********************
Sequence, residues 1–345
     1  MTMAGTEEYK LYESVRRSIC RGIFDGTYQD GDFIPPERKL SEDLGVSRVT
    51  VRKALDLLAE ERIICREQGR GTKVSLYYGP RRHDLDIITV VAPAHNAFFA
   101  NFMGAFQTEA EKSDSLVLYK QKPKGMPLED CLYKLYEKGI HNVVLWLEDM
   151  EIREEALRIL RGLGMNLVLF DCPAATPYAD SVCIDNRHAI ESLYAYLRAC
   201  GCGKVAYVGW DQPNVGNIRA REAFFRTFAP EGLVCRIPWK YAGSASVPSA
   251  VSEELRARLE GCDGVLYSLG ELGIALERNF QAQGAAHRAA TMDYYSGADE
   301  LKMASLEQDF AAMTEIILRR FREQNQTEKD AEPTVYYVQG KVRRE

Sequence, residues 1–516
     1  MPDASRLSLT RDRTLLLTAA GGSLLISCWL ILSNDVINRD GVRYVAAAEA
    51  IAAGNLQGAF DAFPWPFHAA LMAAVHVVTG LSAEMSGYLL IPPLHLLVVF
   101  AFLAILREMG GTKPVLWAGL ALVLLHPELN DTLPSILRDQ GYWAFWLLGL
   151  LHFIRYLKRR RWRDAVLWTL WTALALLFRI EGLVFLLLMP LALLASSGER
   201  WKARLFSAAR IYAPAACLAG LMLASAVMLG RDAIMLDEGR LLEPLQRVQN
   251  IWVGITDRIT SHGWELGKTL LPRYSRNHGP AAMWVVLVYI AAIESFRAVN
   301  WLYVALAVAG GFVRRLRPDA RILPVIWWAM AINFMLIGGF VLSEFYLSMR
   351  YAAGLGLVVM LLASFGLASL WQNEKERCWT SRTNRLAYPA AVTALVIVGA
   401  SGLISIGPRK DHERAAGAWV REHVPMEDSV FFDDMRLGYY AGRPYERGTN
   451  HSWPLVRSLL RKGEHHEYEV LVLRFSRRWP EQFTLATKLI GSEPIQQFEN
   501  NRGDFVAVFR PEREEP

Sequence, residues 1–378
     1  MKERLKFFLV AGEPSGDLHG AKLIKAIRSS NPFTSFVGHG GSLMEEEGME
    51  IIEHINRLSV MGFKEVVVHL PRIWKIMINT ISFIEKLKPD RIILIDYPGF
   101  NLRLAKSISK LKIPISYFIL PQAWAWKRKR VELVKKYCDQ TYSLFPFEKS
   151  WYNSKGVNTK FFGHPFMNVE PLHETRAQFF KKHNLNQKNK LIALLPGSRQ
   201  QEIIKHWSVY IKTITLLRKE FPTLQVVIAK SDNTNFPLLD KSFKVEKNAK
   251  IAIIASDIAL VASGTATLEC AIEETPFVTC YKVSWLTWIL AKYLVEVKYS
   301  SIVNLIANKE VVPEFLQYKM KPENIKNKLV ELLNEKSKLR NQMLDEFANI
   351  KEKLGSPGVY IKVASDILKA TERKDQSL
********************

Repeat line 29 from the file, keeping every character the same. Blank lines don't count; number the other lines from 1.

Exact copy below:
   351  KEKLGSPGVY IKVASDILKA TERKDQSL